I wrote last Wednesday about how an animal advocacy group has ranked the Oklahoma City Zoo as the worst for elephants, and the zoo’s response to the designation was, as expected, defensive and non-specific.
— Oklahoma City Zoo (@okczoo) January 11, 2017
The organization, In Defense of Animals, gave the ranking to the OKC Zoo based primarily on their treatment of two elephants it obtained relatively recently from the Woodland Park Zoo in Seattle. One of those elephants, 37-year-old Chai, died of a blood infection last year. The other elephant from Seattle, Bamboo, has been attacked and had a section of her tail bitten off. She has also gone on the attack.
Yet another OKC Zoo elephant, 4-year-old Malee, died in 2015 of the elephant herpes virus.
The ranking received widespread attention in the local media. The zoo’s response, which no doubt had to be approved by its director Dwight Lawson, did so in a way that deflected the issues raised by In Defense of Animals. Here is part of the statement:
In Defense of Animals uses deceitful tactics to manipulate the public in an effort to further their anti-zoo agenda. Their latest effort exploits sensitive images of one of the Oklahoma City Zoo’s elephants during an emergency medical care procedure. The group accompanies the images with false information about the health and well-being of zoo elephants.
Note the use of the language “deceitful tactics” and “exploits” and “false information” without giving a a shred of evidence. None of the full statement fully addresses the deaths of the two elephants or the fact that Bamboo has been attacked and has obviously had a difficult time fitting into what zoo officials insist on calling a “herd.” The elephants at the Oklahoma City don’t constitute a “herd” in any natural use or sense of that word. The zoo is simply avoiding the issues by deploying unsupported allegations by using charged rhetoric.
It’s also no secret that there are many animal welfare advocates throughout the world who oppose keeping larger animals in small enclosures in zoos. If that’s an anti-zoo agenda, then so what? Zoo leaders and elsewhere like to point out their work is beneficial because it raises awareness of larger animals in the wild, and no one can dispute some people who work at zoos definitely feel deeply and lovingly for the animals under their care, but large, wild animals belong in natural habitats.
The statement also claimed, according to a media report, that “Bamboo is healthy and doing great,” but many reports related to her health obtained through freedom of information requests over the last year show she continues to have foot problems and has to be isolated at times, not to even mention the attack she endured on her tail and also her trunk by another elephant or elephants.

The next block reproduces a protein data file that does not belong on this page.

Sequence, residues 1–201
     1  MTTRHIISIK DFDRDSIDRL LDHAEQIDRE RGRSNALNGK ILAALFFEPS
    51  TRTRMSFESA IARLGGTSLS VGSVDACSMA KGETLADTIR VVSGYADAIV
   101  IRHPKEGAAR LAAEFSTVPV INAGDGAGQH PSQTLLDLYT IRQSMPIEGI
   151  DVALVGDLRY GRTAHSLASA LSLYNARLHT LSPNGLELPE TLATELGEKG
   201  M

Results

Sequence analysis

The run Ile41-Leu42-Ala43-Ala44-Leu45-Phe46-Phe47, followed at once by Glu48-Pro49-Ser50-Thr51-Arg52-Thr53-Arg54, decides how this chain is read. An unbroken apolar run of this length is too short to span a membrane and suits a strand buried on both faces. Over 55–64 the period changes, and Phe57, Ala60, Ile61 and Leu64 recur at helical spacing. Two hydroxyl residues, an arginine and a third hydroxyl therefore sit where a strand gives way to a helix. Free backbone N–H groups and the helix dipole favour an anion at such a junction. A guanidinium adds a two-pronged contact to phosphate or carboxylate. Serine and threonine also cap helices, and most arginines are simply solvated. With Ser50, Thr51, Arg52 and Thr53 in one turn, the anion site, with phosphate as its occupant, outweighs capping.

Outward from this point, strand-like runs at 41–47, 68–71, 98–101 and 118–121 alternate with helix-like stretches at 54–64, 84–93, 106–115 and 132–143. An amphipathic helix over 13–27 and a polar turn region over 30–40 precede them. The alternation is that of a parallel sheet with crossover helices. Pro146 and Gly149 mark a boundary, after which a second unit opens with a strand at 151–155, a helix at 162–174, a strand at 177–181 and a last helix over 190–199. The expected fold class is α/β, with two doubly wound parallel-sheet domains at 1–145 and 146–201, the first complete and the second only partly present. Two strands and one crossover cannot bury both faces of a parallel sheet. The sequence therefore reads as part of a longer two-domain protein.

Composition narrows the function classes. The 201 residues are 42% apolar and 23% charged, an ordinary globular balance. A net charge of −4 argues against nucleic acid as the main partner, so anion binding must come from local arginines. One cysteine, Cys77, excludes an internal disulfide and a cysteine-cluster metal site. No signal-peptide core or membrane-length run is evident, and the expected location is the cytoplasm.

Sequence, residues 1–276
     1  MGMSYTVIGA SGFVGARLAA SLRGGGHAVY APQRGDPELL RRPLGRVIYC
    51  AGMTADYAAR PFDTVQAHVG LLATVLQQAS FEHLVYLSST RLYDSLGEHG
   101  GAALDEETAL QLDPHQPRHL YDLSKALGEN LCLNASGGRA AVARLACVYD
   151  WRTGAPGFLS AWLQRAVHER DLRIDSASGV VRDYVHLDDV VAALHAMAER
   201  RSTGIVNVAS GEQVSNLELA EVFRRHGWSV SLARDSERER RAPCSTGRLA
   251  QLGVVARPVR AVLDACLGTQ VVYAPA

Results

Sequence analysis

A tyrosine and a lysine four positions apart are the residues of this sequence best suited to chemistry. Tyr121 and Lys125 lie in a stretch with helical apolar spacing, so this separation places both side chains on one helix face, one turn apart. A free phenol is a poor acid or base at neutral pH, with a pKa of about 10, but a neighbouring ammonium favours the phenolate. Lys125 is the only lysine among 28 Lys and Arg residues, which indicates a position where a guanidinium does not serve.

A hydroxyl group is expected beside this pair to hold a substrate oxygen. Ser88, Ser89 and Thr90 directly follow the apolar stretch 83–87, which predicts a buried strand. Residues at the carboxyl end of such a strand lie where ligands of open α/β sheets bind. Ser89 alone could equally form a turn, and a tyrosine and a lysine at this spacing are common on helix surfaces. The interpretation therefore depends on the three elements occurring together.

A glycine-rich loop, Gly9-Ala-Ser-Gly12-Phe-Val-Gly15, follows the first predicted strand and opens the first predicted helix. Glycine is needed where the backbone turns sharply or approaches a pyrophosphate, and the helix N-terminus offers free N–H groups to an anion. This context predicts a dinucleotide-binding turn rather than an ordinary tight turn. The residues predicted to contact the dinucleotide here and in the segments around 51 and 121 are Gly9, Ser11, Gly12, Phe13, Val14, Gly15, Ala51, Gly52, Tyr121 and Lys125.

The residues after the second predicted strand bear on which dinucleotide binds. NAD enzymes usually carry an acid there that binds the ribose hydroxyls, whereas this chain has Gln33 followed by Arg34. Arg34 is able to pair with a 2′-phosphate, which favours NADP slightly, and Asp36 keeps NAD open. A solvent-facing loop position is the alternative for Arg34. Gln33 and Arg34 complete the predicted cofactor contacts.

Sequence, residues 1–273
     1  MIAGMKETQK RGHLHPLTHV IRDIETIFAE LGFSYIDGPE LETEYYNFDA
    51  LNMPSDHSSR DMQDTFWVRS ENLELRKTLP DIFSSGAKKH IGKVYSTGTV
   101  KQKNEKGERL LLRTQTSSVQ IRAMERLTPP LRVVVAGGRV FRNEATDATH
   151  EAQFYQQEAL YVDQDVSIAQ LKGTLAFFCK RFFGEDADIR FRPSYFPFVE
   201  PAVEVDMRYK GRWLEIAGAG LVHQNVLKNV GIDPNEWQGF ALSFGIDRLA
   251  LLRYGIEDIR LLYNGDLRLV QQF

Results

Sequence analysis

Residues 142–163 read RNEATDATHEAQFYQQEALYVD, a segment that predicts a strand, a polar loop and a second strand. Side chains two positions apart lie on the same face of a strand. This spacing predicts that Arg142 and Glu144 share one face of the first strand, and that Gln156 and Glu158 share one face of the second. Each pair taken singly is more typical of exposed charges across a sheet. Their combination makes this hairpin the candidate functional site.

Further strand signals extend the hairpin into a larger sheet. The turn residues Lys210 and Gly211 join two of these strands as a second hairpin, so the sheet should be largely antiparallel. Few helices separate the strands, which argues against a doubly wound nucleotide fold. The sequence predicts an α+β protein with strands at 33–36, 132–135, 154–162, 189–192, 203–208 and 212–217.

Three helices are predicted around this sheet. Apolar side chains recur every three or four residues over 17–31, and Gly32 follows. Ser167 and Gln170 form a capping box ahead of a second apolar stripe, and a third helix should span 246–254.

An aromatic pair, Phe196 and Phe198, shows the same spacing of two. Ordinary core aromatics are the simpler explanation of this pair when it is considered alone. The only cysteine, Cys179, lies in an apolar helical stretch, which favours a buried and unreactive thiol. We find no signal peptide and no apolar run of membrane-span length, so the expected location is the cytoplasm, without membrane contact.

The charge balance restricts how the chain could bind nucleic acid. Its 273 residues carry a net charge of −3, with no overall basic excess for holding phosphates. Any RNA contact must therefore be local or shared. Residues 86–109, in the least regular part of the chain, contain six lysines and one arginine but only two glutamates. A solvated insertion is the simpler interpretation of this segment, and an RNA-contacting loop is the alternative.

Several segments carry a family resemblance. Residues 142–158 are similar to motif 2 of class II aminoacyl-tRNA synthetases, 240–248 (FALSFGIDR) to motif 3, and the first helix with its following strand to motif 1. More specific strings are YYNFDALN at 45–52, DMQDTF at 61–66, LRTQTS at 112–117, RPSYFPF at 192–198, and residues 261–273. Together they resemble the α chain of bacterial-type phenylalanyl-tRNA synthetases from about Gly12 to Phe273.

Animal rights advocates in Seattle, Oklahoma City and across the nation continue to urge the OKC Zoo to send 49-year-old Bamboo to a sanctuary where she would have more room to roam in her last years of life.
In Defense of Animals said this, among other things, in response to the OKC Zoo’s defensive statement:
. . . We have no doubt that zoo personnel are grieving for Chai and Bamboo, but the Oklahoma City Zoo decided two years go to take charge of the pair and take on the responsibility of caring for them, knowing full well that they would be denying the elephants – for their entire lifetimes – the opportunity to live as close to their true nature as possible at a certified sanctuary. Now Chai has died, the Zoo should be looking inward rather than attacking organizations dedicated to animal welfare. We urge Oklahoma City Zoo to stop attacking the messenger and instead devote its energies to addressing the awful, solitary and isolated conditions in which it has now left Bamboo, by sending her to an accredited elephant sanctuary where she can live a more natural life with social companions and a reasonable level of autonomy, which is vitally important to the well-being of elephants.
Compare that to what the zoo had to say about the ranking, and it becomes clear to any intelligent person which side is really engaging in true debate without baseless accusations.
I think it’s important to note that Ringling Bros. and Barnum & Bailey Circus has just announced it will stop all performances in May primarily because of low ticket sales because many people these days are disturbed by the spectacle of large, wild animals brutally trained to do silly tricks for the amusement of humans.
It’s the OKC Zoo leadership that is out of touch and outside the trend, not animal welfare advocates.